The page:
At each site, a 2.5 km × 2.5 km area was mapped using a combination of semi-automated and manual mapping techniques to divide the surface into two classes: rock and other. We found that having only two categories led to falsely categorizing soil as bedrock and vice versa. Therefore, we first classified each test area as one of nine categories: bare rock, soil, gravel, grass, vegetation (e.g., trees and shrubs), roads, urban areas, snow, and water, using a python-based interactive classification tool, called “create_groundtruth,” developed by Buscombe and Ritchie [51] ( Splitting the classification into nine categories greatly improves the accuracy of site labeling and thus improves the final model accuracy. Next, the classifications were manually verified using Google Earth, the 2016 NAIP imagery, and field checking.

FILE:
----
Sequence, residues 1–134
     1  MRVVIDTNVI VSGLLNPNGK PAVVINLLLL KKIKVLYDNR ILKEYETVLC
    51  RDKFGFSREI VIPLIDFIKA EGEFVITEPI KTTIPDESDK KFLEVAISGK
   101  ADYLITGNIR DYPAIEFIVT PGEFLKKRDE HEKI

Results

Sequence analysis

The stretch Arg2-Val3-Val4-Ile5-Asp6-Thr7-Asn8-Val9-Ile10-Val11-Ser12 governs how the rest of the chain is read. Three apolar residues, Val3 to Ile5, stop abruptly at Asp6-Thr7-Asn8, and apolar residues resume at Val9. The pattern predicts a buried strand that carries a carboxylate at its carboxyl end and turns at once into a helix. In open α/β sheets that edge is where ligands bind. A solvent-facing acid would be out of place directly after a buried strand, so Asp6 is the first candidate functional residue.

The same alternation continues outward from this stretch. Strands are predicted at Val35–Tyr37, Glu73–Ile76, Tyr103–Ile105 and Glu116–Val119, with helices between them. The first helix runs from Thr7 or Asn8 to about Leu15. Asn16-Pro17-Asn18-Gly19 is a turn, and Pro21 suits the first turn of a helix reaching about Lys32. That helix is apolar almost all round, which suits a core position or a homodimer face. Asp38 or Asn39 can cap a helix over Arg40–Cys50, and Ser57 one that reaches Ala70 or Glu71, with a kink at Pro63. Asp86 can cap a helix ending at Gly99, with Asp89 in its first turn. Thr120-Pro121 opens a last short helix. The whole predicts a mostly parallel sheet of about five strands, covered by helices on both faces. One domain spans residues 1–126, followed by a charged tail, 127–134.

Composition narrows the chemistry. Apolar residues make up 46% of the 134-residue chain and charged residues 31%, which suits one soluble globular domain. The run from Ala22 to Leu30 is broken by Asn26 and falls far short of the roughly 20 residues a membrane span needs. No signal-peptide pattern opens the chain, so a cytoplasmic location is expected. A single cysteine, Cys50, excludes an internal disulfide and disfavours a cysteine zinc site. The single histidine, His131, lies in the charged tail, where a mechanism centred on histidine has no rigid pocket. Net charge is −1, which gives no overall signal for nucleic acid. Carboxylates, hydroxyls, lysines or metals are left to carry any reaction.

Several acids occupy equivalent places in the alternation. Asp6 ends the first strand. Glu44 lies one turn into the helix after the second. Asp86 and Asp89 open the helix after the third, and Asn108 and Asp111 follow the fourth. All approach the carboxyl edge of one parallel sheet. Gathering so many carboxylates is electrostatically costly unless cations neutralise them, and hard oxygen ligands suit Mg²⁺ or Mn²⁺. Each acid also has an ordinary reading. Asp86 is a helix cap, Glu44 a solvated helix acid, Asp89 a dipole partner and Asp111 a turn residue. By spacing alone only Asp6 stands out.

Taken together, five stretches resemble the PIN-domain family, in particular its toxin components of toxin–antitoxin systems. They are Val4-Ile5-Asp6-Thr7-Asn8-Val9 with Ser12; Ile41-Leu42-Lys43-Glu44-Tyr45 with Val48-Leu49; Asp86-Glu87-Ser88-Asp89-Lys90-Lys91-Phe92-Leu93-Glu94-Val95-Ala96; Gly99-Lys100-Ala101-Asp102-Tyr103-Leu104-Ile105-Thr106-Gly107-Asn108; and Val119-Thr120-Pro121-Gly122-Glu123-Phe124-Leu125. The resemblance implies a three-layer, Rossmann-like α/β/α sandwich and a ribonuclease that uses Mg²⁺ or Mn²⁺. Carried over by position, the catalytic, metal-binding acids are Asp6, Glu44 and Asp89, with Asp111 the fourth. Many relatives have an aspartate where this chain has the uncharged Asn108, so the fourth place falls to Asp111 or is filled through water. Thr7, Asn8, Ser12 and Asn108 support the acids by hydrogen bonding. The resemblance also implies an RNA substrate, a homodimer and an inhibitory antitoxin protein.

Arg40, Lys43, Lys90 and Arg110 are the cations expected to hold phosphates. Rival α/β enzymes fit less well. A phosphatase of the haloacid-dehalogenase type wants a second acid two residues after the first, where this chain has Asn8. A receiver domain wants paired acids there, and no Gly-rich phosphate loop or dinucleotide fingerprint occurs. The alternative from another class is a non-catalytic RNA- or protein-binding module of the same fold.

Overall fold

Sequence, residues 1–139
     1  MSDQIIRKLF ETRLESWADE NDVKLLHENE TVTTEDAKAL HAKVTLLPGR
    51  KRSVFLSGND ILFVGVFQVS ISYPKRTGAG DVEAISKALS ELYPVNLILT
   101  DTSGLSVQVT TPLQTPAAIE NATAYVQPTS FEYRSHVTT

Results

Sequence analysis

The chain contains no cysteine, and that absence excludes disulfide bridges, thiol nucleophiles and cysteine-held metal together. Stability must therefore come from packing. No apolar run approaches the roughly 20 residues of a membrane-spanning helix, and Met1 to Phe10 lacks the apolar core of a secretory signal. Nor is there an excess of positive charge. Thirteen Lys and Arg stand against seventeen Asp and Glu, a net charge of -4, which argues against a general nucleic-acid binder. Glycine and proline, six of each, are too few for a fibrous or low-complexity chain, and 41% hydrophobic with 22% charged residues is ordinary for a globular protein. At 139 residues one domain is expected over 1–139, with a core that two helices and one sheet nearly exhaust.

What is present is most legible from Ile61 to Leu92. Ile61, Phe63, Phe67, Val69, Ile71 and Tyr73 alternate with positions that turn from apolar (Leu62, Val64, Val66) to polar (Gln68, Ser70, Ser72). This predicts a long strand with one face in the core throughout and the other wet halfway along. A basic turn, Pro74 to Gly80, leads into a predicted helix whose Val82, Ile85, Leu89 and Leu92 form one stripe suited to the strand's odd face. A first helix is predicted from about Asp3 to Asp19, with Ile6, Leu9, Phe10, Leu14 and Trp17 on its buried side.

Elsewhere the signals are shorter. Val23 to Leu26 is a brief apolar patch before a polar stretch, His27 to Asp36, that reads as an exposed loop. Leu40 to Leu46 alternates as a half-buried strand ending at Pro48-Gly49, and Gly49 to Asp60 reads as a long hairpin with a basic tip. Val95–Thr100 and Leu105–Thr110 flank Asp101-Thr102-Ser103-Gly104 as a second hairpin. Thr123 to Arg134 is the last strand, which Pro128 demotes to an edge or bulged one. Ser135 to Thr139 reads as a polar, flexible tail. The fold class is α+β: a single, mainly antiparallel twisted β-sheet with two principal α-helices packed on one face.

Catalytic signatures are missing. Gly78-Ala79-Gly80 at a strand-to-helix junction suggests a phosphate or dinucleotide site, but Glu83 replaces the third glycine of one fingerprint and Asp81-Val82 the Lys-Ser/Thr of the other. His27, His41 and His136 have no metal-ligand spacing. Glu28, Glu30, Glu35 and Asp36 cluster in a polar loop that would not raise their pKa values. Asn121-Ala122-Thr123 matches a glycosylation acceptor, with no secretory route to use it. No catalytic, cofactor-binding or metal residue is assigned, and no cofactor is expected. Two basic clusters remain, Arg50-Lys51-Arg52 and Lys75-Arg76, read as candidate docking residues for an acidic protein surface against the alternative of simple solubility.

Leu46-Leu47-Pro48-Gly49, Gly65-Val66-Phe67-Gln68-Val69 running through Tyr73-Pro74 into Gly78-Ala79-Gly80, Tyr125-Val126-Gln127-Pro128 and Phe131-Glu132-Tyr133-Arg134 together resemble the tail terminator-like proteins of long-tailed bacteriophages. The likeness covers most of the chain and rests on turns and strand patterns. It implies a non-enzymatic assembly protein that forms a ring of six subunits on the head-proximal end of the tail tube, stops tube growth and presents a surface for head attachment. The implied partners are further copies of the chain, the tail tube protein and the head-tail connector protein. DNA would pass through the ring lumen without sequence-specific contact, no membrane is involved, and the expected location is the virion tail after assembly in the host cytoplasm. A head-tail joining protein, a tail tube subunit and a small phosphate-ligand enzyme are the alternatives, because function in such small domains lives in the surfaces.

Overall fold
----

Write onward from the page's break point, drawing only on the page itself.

In order to confirm that the pixels were correctly labeled, rocks were visually identified by texture (e.g., more relief than adjacent gravel or soil), by color (e.g., dark, lichen-covered rocks to bright, recent exposures), and by outcrop pattern (e.g., fractured and rounded outcrops typical of glaciated granite), often checking from multiple images and angles. To help identify ambiguous features, known rock outcrops were calibrated for comparison. Between 1–7% of the pixels had to be manually corrected during this verification process. The final “bare rock” polygons outlined exposed bedrock outcrops that are in-place and devoid of soil cover. They did not include loose or mobile rock (e.g., river or talus deposits), although sub-meter shrubs or trees are often included. Lastly, for each test area, the categories were simplified to a binary mask (bare rock vs. other) to speed up training and running of the various test models.